Download references


This work was supported by an RSSS grant (no. NRF-RSSS-002) from the National Research Foundation, Singapore to N.H.C and by a MEXT KAKENHI grant (no. 25113001), Japan to N.M.

Author information


  1. Temasek Life Sciences Laboratory, National University of Singapore, 117604, Singapore

    • Bong Soo Park
    • , Tao Yao
    • , Jun Sung Seo
    • , Eriko Chi Cheng Wong
    • , Chung-Hao Huang
    •  & Nam-Hai Chua
  2. Plant Gene Regulation Research Group, Bioproduction Research Institute, National Institute of Advanced Industrial Science and Technology, Tsukuba, Ibaraki, Japan

    • Nobutaka Mitsuda


  1. Search for Bong Soo Park in:

  2. Search for Tao Yao in:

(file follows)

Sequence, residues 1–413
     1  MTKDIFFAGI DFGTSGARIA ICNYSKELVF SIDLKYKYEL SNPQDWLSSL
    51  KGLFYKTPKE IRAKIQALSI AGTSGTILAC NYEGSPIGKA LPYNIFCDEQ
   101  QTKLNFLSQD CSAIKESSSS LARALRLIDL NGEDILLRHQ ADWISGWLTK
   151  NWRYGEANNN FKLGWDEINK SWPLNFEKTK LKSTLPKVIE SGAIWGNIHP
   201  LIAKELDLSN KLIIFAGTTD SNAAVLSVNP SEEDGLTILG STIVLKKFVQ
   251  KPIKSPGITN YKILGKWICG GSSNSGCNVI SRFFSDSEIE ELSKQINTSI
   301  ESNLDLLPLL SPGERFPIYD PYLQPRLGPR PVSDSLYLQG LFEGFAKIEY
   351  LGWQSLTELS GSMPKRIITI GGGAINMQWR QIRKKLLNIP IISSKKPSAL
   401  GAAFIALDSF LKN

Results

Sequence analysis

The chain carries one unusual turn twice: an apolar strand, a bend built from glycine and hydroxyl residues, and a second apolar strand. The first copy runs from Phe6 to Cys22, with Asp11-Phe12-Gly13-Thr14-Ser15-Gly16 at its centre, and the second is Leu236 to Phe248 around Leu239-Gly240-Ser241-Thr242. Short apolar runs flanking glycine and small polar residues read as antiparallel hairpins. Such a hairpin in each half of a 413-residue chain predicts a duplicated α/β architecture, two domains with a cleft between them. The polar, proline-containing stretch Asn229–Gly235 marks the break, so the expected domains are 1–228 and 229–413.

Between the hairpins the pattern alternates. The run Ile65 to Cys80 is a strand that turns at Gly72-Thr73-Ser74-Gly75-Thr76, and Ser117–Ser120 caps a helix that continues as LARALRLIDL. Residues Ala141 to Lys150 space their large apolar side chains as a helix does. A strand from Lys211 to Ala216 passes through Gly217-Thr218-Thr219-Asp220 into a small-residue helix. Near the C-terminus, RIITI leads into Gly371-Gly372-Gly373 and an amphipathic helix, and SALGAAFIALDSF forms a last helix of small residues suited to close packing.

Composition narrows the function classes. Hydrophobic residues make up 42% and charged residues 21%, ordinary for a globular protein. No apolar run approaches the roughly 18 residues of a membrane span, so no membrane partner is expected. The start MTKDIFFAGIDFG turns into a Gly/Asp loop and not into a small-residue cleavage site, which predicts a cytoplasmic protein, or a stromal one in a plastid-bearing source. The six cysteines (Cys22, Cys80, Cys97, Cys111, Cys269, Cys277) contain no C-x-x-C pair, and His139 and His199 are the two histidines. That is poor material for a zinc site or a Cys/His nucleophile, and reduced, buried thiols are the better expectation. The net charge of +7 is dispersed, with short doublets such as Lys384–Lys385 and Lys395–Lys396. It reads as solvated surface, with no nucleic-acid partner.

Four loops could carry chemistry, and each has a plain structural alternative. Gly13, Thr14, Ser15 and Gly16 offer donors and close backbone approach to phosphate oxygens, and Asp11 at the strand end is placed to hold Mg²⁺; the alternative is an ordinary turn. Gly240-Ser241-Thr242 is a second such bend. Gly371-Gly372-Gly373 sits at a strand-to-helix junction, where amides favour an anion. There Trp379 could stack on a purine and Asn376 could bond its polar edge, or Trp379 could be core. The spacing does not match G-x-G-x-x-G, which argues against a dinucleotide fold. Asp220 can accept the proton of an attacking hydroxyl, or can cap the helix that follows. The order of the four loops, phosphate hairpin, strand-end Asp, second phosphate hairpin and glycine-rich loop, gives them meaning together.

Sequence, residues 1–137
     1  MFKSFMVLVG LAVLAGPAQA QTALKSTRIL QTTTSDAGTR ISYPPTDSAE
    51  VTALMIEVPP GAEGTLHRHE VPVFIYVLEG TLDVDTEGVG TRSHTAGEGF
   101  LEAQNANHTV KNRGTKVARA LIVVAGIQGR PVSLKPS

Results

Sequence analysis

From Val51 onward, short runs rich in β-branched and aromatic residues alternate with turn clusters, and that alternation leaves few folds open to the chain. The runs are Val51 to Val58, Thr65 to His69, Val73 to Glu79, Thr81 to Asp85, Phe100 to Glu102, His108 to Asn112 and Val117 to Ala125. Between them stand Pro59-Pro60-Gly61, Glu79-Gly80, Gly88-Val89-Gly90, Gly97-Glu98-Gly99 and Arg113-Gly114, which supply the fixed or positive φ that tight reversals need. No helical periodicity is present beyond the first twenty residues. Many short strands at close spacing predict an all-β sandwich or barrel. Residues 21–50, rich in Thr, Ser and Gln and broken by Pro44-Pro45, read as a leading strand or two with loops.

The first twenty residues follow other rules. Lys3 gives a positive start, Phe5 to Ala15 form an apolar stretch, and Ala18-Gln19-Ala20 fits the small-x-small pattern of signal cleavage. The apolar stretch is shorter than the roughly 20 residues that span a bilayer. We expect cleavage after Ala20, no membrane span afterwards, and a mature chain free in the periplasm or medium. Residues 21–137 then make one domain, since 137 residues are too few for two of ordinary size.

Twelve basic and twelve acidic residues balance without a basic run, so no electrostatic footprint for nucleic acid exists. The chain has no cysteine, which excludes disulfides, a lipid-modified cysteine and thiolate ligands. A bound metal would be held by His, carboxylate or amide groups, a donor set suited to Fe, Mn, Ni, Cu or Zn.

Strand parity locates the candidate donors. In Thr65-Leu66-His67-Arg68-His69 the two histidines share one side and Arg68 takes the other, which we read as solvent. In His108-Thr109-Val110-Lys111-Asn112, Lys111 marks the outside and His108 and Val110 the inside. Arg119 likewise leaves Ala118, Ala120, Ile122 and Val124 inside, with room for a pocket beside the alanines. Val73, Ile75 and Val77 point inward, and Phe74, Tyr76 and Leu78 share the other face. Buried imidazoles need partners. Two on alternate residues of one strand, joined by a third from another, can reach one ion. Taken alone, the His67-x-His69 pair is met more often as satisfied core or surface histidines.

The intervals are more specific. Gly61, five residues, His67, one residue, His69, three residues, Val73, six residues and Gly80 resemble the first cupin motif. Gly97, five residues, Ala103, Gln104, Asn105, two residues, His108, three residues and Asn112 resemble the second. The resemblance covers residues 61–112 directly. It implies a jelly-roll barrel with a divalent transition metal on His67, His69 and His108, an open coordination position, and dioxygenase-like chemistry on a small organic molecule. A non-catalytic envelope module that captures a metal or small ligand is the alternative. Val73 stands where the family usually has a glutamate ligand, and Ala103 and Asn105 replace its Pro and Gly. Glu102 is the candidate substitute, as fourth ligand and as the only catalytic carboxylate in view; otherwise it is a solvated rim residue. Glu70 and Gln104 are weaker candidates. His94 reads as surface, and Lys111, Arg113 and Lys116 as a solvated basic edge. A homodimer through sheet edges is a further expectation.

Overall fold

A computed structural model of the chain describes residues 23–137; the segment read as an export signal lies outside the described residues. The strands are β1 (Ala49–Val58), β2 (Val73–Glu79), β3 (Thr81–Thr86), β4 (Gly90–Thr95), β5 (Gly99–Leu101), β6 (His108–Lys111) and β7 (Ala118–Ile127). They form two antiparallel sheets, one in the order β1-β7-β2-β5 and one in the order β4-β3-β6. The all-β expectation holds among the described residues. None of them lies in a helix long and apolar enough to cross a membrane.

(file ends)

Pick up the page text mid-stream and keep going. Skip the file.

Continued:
3. Search for Jun Sung Seo in:

  4. Search for Eriko Chi Cheng Wong in:

  5. Search for Nobutaka Mitsuda in:

  6. Search for Chung-Hao Huang in:

  7. Search for Nam-Hai Chua in:


B.S.P. and N.H.C. designed the experiments. B.S.P., T.Y., J.S.S., E.C.C.W., C.H.H. and N.M. executed the experiments. All of the authors interpreted and discussed the data. B.S.P. and N.H.C. wrote the manuscript.

Competing interests

The authors declare no competing interests.

Corresponding author

Correspondence to Nam-Hai Chua.

Supplementary information

  1. Supplementary Information

    Supplementary Figures 1–7, Supplementary Tables 1–4.

  2. Reporting Summary

About this article

Publication history






Further reading